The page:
Strategic optionsDescriptionEffect
Branded generics (1)Offering generic through subsidiary“First mover advantage”; serving different markets
Branded generics (2)Offering generic through brand ownerServing different customer segments

Next: Part 6 – Summary and Conclusion

This is part five of a six-part series on drug lifecycle management: Four Strategic ChoicesPrevention Innovation Extraction Adaptation Summary and Conclusion


  1. Agrawal M, Thakkar N (1997) Surviving patent expiration: strategies for marketing pharmaceutical products. J Prod Brand Manag 6:305–314 View Article Google Scholar
  2. Bhat VN (2005) Patent term extension strategies in the pharmaceutical industry. Pharm Policy Law 6:109–122 Google Scholar
  3. Bigliardi B, Nosella A, Verbano C (2005) Business models in Italian biotechnology industry: a quantitative analysis. Technovation 25:1299–1306 View Article Google Scholar
  4. Brass EP (2001) Changing the status of drugs from prescription to over-the-counter availability. N Engl J Med 345:810–816 View Article Google Scholar
  5. Bulow J (2004) The gaming of pharmaceutical patents. In: Jaffe AB, Lerner J, Stern S (eds) Innovation policy and the economy, vol 4. MIT Press, Cambridge, pp 145–187 Google Scholar
  6. Chandon P (2004) Innovative marketing strategies after patent expiry: the case of GSK’s antibiotic Clamoxyl in France. J Med Mark 4:65–73 View Article Google Scholar
  7. Ching AT (2010) Consumer learning and heterogeneity: dynamics of demand for prescription drugs after patent expiration. Int J Ind Organ 28:619–638 View Article Google Scholar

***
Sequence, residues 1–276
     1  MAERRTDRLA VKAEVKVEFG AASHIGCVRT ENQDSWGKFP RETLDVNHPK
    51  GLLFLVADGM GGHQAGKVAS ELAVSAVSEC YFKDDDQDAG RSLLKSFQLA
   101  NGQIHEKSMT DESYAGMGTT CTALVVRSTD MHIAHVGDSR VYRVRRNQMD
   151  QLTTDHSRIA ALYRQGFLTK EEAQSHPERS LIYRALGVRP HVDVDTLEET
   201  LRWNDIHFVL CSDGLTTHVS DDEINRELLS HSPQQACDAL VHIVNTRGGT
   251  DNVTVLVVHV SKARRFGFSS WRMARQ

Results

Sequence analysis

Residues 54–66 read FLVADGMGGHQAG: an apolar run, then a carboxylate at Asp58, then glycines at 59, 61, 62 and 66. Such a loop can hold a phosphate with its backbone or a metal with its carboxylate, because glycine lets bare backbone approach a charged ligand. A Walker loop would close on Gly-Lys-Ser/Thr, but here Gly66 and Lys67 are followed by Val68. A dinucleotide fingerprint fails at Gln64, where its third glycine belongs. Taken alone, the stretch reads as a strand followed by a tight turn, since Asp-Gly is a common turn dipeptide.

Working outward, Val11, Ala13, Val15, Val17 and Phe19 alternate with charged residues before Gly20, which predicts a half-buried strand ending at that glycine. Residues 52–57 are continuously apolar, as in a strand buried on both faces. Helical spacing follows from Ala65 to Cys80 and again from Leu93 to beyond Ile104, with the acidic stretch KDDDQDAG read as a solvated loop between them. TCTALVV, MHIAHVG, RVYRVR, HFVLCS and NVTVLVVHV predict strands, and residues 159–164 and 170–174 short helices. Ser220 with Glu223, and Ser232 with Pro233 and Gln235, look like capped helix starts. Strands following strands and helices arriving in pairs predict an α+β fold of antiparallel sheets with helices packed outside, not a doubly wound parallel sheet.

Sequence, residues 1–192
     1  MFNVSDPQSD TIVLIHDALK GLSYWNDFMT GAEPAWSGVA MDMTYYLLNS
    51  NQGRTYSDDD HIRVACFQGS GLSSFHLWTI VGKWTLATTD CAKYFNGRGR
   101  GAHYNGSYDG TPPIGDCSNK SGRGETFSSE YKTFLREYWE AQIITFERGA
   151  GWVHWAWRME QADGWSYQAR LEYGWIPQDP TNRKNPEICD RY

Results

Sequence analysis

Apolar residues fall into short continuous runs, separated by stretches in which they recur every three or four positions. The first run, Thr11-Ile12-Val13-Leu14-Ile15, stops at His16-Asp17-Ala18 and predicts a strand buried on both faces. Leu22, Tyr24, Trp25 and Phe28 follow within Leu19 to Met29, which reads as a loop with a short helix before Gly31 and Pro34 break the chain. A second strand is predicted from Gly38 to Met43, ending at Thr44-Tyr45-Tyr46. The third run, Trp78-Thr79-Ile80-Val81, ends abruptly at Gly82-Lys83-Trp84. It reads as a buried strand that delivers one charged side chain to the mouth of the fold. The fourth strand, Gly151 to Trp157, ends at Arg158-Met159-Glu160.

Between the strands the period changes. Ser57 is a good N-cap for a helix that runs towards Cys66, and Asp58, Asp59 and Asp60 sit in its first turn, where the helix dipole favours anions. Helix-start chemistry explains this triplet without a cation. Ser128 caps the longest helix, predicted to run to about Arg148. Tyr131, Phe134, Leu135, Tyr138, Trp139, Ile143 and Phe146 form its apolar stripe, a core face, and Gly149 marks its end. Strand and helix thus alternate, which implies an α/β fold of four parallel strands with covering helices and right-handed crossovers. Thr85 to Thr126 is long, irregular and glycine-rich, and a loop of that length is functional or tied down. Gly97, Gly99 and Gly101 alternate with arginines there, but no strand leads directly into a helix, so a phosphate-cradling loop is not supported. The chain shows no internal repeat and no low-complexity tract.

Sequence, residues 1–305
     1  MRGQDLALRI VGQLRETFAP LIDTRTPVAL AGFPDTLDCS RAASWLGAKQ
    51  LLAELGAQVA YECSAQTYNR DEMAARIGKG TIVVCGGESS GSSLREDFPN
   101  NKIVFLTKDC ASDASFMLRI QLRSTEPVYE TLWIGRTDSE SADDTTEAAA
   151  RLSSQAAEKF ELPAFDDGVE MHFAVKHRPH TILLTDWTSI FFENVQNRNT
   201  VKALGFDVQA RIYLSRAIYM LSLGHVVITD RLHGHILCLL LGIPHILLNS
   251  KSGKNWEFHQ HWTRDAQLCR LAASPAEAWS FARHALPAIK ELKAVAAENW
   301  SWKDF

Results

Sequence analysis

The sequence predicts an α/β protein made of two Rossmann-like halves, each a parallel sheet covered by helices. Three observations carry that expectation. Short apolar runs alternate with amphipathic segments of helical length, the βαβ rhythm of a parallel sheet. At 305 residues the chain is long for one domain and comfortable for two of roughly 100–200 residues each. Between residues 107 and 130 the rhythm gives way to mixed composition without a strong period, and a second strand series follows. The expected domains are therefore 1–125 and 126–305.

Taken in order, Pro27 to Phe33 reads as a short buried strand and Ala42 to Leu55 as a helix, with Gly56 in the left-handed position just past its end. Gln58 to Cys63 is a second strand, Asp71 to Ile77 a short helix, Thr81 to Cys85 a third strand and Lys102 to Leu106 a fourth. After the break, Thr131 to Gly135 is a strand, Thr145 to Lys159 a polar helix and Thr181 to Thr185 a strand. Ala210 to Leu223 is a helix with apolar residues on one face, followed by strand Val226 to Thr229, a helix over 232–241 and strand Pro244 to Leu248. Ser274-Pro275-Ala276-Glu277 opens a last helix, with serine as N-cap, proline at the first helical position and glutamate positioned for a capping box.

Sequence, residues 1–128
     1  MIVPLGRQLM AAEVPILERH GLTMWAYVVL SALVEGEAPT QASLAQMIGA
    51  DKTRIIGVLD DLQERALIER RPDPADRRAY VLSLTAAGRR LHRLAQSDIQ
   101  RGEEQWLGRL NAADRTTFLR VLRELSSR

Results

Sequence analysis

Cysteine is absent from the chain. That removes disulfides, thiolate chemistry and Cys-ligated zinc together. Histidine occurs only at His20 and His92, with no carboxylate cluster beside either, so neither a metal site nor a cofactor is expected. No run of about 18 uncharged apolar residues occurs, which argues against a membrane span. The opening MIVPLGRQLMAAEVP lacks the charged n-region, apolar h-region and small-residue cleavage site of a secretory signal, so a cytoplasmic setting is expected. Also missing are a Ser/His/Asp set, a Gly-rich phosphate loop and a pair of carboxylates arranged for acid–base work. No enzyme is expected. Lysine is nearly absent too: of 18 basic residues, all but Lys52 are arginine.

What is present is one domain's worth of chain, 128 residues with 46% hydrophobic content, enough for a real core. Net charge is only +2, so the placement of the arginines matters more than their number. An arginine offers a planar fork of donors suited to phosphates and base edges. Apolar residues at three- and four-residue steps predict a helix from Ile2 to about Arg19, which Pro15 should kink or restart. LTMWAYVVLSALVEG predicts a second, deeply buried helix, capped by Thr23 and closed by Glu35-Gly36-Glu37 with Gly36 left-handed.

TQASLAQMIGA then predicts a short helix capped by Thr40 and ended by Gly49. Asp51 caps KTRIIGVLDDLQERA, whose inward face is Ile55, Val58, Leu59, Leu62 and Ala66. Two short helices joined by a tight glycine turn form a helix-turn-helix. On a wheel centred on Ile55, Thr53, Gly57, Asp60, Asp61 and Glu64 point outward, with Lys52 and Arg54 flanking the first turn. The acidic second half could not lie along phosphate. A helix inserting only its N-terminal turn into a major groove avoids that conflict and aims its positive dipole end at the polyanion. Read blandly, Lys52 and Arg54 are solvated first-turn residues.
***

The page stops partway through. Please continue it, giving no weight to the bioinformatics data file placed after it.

8. Chong CR, Sullivan DJ (2007) New uses for old drugs. Nature 448:645–646 View Article Google Scholar
  9. CHPA (2015) Rx-to-OTC switch. Accessed 25 Oct 2015
  10. Denoon A, Vollebregt E (2010) Can regenerative medicine save Big Pharma’s business model from the patent cliff? Regen Med 5:687–690 View Article Google Scholar
  11. Dolfsma W (2011) Patent strategizing. J Intellect Cap 12:168–178 View Article Google Scholar
  12. Dolgin E (2010) Big pharma moves from ‘blockbusters’ to ‘niche busters’. Nat Med 16:837 Google Scholar
  13. Druss BG, Marcus SC, Olfson M, Pincus HA (2004) Listening to generic Prozac: winners, losers and sideliners. Health Aff 23:210–216 View Article Google Scholar
  14. Dubey R, Dubey J (2009) Pharmaceutical product differentiation: a strategy for strengthening product pipeline and life cycle management. J Med Mark 9:104–118 View Article Google Scholar
  15. EMA (2015) Orphan designation. Accessed 29 Oct 2015
  16. European Commission (2009) Pharmaceutical sector inquiry final report. Accessed 02 Oct 2015
  17. Gilbert X, Strebel P (1987) Strategies to outpace the competition. J Bus Strateg 8:28–36 View Article Google Scholar
  18. Glasgow LJ (2001) Stretching the limits of intellectual property rights: has the pharmaceutical industry gone too far? IDEA J Law Technol 41:227–258 Google Scholar
  19. Glass G (2004) Pharmaceutical patent challenges—time for reassessment? Nat Rev Drug Discov 3:1057–1062 View ArticleGoogle Scholar
  20. Grabowski H, Kyle M (2007) Generic competition and market exclusivity periods in pharmaceuticals. Manage Decis Econ 28:491–502 View Article Google Scholar
  21. Grabowski H, Vernon JM (2000) Effective patent life in pharmaceuticals. Int J Technol Manage 19:98–120 View ArticleGoogle Scholar
  22. Higgins MJ, Graham SJH (2009) Balancing innovation and access: patent challenges tip the scales. Science 326:370–371 View Article Google Scholar
  23. Hollis A (2002) The importance of being first: evidence from Canadian generic pharmaceuticals. Health Econ 11:723–734 View Article Google Scholar
  24. Hong SH, Shepherd MD, Scoones D, Wan TTH (2005) Product-line extensions and pricing strategies of brand-name drugs facing patent expiration. J Manage Care Pharm 11:746–754 Google Scholar
  25. Hutchins M (2003) Extending the monopoly—how ‘secondary patents’ can be used to delay or prevent generic competition upon expiry of the basic product patent. J Med Mark 1:57–71 Google Scholar
  26. IMS (2012) The global use of medicines: outlook through 2016. Accessed 06 Feb 2016